Patrick McAlister ’10 – On this trip, nights are usually free for students to do what they like. Whether it is wander around the city they are in with friends or go to the local bar a native recommends, I always relish this time we are provided. Students find all sorts of places to go and have stories for a lifetime.
Last night, a few of us decided to do something unusual for trips like this. Earlier today we visited the European Central Bank (ECB), located in downtown Frankfurt. For those of you who don’t know, Frankfurt is the capital of banking in Germany, and chosen as the site for centrality in international monetary and economic policy. One wouldn’t expect it to be a bastion of culture.
Nevertheless, right next to the bank was the Frankfurt Opera House. After our visit, Alex Avtgis ’11 was bent on doing something cultural; the opera house seemed like a perfect fit. We wandered next door and found out this particular opera house was doing Motzart’s famous opera Don Giovanni. While none of us regularly attended the opera (I’d hazard a bet you’d find it difficult finding a Wabash man who did), Alex, Aaron Abell ’09, Trevor Counceller ’12 and I decided to try it….if the price was right.
And it totally was – Europeans seem to understand that students have a small budget to work with and their plans usually change at the last minute. The Frankfurt Opera had a program built specifically for students. If there were any seats left available an hour before curtain, they would sell them to students at a drastically discounted price. Thus we showed up (obviously dressed for the occasion), brandished our Wabash student IDs and spent 11 Euros for seats that would normally go for 60 Euros a piece. For those of you who don’t know the conversion, those are roughly $75 seats for $13.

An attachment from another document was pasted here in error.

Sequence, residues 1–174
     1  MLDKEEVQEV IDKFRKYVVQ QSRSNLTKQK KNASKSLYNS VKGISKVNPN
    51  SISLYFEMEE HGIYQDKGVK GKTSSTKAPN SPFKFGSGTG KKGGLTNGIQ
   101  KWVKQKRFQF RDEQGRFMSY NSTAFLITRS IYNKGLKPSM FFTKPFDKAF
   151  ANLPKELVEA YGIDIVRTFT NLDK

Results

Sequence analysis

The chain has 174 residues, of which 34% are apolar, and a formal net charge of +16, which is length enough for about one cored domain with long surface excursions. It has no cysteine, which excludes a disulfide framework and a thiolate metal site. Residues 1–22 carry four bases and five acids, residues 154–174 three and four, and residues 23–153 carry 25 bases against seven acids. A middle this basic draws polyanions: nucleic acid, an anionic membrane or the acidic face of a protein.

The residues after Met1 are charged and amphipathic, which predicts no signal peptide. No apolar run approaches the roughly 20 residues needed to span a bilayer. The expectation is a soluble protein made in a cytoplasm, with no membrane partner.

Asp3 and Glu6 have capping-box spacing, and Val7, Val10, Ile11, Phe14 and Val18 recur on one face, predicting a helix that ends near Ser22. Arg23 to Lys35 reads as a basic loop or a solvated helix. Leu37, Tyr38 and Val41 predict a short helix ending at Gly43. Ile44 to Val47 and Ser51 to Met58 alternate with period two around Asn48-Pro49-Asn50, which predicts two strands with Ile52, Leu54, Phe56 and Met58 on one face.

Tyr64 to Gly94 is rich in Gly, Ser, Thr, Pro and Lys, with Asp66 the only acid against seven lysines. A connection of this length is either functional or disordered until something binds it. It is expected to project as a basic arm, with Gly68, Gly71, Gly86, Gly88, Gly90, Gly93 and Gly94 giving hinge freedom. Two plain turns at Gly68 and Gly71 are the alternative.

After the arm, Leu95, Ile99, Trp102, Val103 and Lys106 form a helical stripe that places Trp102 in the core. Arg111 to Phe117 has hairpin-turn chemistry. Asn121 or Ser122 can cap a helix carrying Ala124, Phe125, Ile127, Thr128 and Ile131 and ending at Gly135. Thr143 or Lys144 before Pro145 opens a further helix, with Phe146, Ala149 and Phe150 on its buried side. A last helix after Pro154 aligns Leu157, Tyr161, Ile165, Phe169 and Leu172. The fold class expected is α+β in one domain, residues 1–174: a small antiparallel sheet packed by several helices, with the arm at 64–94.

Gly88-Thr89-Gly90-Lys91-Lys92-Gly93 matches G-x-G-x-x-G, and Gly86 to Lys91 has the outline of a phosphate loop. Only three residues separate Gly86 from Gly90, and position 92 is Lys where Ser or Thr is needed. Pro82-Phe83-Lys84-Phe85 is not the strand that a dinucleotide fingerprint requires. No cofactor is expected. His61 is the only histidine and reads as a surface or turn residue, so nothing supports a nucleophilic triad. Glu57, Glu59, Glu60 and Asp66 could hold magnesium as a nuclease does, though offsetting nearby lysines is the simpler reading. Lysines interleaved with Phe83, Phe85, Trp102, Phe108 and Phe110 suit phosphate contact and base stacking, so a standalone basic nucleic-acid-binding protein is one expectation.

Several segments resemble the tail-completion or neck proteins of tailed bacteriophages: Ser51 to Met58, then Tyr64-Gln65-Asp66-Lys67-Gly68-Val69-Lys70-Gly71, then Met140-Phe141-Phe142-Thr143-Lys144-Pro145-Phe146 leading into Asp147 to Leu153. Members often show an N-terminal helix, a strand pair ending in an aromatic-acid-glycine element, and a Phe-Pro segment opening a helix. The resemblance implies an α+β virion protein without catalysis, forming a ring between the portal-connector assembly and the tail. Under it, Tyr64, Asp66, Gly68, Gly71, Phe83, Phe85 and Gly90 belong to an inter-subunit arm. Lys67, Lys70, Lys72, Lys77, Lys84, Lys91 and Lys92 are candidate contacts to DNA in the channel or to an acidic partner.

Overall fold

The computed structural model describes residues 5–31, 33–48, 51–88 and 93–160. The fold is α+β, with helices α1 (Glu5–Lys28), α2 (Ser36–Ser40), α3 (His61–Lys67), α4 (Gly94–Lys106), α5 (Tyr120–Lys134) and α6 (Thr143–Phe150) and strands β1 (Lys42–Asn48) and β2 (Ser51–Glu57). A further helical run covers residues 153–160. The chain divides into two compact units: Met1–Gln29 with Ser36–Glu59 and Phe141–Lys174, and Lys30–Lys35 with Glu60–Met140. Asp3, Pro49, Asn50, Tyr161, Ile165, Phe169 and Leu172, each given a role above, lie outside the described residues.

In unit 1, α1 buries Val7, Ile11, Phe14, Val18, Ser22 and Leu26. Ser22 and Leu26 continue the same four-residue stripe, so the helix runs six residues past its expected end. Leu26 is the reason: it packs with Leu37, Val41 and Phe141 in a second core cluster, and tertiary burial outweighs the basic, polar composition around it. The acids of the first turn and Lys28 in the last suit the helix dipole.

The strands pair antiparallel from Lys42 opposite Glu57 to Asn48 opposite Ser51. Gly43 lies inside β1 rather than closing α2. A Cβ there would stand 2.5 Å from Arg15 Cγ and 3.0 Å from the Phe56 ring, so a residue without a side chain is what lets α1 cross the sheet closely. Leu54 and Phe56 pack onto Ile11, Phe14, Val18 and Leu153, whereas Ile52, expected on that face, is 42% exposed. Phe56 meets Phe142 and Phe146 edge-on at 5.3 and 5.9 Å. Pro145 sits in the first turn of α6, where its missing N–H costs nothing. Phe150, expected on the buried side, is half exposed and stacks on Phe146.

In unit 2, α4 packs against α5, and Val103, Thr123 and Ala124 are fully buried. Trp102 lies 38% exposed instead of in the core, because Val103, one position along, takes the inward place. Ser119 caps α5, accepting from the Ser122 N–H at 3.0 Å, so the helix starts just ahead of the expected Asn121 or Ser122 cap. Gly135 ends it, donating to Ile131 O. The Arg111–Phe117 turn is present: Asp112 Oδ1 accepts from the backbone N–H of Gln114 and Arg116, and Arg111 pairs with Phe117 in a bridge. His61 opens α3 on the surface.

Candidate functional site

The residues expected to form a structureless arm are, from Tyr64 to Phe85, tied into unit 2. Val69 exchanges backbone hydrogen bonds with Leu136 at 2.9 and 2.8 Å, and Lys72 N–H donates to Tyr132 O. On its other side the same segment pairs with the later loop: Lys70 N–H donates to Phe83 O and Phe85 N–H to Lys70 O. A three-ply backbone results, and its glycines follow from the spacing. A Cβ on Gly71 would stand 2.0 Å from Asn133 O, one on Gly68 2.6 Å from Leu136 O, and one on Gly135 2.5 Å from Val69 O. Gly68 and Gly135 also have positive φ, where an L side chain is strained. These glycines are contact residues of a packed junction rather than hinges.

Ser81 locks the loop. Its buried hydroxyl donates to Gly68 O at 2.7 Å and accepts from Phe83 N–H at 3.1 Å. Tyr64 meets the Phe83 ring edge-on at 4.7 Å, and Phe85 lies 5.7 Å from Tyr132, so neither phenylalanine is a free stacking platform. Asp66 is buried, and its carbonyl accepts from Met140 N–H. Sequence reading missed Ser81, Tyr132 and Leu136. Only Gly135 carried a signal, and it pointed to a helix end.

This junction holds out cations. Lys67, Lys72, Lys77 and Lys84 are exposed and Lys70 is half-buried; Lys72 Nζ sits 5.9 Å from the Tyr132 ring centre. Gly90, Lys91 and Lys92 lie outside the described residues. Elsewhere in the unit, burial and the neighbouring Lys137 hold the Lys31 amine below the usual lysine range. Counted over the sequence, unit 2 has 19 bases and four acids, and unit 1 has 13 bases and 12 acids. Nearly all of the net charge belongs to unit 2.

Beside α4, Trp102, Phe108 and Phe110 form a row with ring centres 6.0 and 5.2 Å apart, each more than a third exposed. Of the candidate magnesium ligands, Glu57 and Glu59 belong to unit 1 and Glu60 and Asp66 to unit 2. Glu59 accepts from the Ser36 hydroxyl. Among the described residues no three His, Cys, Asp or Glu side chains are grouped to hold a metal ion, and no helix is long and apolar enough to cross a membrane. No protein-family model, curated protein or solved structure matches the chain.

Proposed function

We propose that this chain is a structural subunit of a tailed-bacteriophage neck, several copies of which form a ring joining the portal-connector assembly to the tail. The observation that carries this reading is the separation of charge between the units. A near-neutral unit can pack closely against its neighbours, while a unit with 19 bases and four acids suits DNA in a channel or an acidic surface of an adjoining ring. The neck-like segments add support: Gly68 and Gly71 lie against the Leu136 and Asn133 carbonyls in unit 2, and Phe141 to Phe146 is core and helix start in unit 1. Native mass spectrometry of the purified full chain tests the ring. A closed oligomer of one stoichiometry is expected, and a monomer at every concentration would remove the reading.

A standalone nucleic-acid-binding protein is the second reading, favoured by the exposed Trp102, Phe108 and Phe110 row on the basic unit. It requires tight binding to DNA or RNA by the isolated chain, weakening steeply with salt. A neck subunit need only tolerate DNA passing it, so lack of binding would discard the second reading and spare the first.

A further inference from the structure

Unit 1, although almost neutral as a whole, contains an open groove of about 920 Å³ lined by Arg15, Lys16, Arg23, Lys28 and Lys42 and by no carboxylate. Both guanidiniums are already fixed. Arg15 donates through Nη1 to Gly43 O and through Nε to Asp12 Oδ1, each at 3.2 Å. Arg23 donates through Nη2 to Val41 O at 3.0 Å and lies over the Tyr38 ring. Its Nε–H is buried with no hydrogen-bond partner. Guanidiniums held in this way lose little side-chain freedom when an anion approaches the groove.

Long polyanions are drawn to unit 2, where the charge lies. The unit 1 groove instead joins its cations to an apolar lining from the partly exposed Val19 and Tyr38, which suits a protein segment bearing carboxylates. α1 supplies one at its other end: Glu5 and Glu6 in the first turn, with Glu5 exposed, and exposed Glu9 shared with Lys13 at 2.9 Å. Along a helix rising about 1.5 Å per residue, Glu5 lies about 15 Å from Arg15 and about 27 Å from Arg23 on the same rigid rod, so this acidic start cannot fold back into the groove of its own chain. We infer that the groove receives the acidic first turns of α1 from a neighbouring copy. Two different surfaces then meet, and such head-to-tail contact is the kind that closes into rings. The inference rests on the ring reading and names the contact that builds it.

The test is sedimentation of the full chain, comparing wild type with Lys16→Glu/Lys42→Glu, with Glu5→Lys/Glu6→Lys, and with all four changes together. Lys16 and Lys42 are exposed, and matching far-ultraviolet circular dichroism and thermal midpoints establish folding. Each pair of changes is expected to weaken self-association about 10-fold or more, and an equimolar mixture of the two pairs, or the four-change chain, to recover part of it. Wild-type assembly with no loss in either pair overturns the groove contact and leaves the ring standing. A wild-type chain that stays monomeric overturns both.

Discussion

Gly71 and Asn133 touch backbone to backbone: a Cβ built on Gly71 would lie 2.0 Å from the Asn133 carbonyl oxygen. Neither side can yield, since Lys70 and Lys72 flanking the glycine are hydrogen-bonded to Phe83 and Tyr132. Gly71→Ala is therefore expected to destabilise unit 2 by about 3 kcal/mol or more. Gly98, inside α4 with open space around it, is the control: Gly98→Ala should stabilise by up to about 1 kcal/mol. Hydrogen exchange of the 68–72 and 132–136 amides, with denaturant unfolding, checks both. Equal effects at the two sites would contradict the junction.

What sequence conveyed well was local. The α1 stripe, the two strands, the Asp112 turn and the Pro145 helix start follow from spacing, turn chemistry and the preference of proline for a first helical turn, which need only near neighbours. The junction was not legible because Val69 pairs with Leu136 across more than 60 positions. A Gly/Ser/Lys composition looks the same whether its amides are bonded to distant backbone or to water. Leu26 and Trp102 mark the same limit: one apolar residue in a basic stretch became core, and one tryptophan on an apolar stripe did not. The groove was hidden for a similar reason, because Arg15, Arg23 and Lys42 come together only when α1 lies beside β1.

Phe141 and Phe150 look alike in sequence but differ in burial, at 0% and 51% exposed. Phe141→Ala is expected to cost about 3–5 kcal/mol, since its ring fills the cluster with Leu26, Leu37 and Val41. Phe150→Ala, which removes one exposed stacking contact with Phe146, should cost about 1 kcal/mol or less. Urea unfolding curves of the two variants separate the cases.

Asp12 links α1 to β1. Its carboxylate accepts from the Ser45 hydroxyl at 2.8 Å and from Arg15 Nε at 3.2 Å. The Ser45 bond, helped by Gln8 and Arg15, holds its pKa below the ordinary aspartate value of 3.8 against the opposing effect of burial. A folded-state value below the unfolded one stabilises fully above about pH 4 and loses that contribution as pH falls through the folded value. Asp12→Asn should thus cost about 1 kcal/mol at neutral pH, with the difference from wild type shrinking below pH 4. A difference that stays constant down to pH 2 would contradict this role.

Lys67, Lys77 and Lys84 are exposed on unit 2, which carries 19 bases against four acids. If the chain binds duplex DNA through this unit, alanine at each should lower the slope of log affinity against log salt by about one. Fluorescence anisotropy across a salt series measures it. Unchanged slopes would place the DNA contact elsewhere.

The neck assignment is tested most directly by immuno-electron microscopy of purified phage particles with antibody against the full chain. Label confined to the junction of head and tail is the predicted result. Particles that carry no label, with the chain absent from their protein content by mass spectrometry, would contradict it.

I am a theater minor, and I am ashamed to admit I hadn’t seen an opera until last night. I understood very little (the opera was obviously in Italian and they had German translation running at the top) but between the few Italian cognates I could translate in my head and the way the story was through nonverbal means I was entranced by what I saw on stage.
The set design was quite interesting. There was a piece of a road that served as the main acting space, which tilted at an angle toward the audience. I couldn’t believe the actors could balance on that platform. There was a false proscenium with doors and windows that could change color to reflect different moods. Color was an important feature, and the drops they employed at the back were sophisticated and numerous. At the climax of the Opera, when the Commodore comes back and takes the unrepentant Don Giovanni, actual fire lines the angled platform as Giovanni sinks to what we can probably assume is Hell. While in no way a ‘traditional’ rendition of Motzart’s famous opera, the odd styling reminded me that famous canonical works can be re-done in wonderful ways.
This was my first experience with theater outside of the United States, and I was on a trip that focused on the study of the politics and economics of Europe. If this isn’t an example of a liberal arts opportunity, I don’t know what is. I am very grateful for the free time we are provided to do interesting things in cities we probably won’t be making too many return trips to in our lifetimes.
Tonight the Opera House is doing Caligula; who knows; for 11 Euros, we may make a return trip.